3. Chicagoland is NASCAR’s NostradamusShould Clint Bowyer avoid said obstacles and win Sunday’s race — I’d be very interested to hear what the Chicagoland crowd would sound like Sunday with the No. 15 doing burnouts on the frontstretch — he’ll be feeling good thanks to more than the post-race champagne.

That’s because in the last two seasons, Chicagoland’s 400-mile race winner has gone on to win the Sprint Cup title. First it was Tony Stewart in 2011 who pulled off a surprising fuel mileage race win just days after informing everyone that he was embarrassed to actually be a title-fight participant. Last year, it was Brad Keselowski dueling with and later beating Jimmie Johnson in the closing laps in a race that not only beared the eventual champion but the battle that would engross the sport over the final races.

Sunday’s race will be the third time that the Chase has opened in the Windy City.

4. Who can play Chase spoiler?
NASCAR may have the most unique playoff structure in sports for the sheer fact that even the teams not good enough to participate are included in the events.

That presents two ways for drivers not inside the Chase to actually become a big part of how it plays out. First, there’s the unfortunate way where an on-track incident could deal a big blow to an unassuming and innocent Chase contender. Those types of situations have generally been rare in the Chase’s 10-year history, but in a system that rewards aggregating points more than actually winning, a DNF can be a dream-killer.

There’s also the drivers looking to prove that missing the Chase isn’t the final peg for judging a season as a failure. Gordon and Brad Keselowski are both good examples here as they were competitive often this season while wins eluded and mechanical defects torpedoed their season points positions. Don’t lose sight of a miffed Truex or a statement-making Juan Pablo Montoya, either.

This process also leads to the evergreen question during this time of the NASCAR season: Is it really fair drivers in a selective title fight to compete for points among drivers who aren’t in the competition? Someone smart has probably considered and shot the idea down, but I’d be interested in to see how a system that allocates Chase points based on where a driver finishes comparative to other Chase drivers would work.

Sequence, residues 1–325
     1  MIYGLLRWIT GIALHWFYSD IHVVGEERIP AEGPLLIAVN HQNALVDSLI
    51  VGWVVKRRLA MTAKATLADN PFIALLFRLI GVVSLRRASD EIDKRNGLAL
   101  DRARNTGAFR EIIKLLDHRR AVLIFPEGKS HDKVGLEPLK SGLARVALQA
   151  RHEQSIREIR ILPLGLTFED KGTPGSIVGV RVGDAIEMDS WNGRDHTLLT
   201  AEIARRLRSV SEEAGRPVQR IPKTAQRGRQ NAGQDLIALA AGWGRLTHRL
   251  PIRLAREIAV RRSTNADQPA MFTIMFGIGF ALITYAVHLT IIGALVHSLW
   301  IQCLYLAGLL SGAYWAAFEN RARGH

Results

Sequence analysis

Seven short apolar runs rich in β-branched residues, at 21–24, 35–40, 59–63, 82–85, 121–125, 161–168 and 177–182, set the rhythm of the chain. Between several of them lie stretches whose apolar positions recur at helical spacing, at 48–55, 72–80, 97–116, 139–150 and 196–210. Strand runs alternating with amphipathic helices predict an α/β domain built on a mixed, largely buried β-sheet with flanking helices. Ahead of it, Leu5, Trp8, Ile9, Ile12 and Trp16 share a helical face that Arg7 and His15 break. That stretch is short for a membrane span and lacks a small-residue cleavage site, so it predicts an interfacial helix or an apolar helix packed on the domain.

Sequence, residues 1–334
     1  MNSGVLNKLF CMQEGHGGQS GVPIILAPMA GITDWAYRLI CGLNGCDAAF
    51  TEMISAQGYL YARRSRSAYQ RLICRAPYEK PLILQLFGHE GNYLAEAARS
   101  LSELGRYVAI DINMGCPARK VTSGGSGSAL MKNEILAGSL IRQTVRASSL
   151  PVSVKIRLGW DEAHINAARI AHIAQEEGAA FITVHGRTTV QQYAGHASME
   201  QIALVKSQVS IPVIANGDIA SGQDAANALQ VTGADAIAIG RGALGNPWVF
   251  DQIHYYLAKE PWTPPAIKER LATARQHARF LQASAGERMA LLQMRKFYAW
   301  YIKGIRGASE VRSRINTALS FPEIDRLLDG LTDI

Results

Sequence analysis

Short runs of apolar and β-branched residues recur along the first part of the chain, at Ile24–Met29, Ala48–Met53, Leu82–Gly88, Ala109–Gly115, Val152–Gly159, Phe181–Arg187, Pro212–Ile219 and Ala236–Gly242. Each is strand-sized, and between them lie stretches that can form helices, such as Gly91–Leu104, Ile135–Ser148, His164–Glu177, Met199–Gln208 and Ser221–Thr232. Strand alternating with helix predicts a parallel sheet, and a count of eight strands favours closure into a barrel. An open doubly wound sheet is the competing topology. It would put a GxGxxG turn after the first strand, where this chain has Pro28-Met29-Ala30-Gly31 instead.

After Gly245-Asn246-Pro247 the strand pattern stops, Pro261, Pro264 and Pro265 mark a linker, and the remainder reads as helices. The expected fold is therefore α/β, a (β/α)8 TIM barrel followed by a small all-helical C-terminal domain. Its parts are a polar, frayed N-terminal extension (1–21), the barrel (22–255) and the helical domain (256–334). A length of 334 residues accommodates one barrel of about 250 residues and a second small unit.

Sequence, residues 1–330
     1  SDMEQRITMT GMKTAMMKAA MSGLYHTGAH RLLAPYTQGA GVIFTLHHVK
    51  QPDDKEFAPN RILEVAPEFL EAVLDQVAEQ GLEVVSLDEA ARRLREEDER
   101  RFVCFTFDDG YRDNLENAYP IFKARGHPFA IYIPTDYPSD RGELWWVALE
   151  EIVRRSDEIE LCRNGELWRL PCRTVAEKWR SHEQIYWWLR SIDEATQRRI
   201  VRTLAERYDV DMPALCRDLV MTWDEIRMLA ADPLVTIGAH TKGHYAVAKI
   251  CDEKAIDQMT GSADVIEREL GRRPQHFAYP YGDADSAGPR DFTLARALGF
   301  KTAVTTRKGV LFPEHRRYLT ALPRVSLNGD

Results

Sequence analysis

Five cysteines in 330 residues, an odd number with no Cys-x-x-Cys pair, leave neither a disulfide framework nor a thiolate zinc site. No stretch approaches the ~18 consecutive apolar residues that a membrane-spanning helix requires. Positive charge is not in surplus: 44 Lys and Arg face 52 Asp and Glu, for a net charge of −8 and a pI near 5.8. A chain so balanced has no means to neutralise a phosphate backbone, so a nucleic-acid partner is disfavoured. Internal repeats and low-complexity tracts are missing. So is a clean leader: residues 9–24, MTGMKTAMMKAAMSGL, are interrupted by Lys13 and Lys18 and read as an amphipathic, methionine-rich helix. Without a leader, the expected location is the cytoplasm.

5. Middling consistency won’t win title for Greg Biffle and Dale Earnhardt Jr.  
On the surface, all is virtually right in NASCAR’s world thanks to the most popular driver earning his third-straight bid to the Chase. It was only a few years ago when more than a few assessments of NASCAR’s addition of the Chase’s two Wild Card spots assumed it was the sport’s attempt to keep a struggling Dale Earnhardt Jr., in range of the postseason conversation.

That’s not been much of a question since 2010 as Earnhardt’s performance as a consistent front-runner has made Chase qualification easy. But Earnhardt’s title chances seem slim even before the Chase takes the green flag because has never re-assumed his early-career role as a frequent race winner. Even in this, one of his more consistent seasons to date, Earnhardt still has the fewest number of top-5 finishes (three) of Chase entrants and hasn’t won.

It’s the same story for Greg Biffle. A perennial Chase entrant himself, Biffle doesn’t appear slated for title run either. While he does have a win in 2013, Biffle has just five top-5 finishes in 26 races.

Nothing we’ve seen from either driver suggests they have the ability to turn up the performance starting Sunday. Of course, we didn’t see anything from Tony Stewart before his five-win Chase performance in 2011, either.

Follow Geoffrey Miller on Twitter:@GeoffreyMiller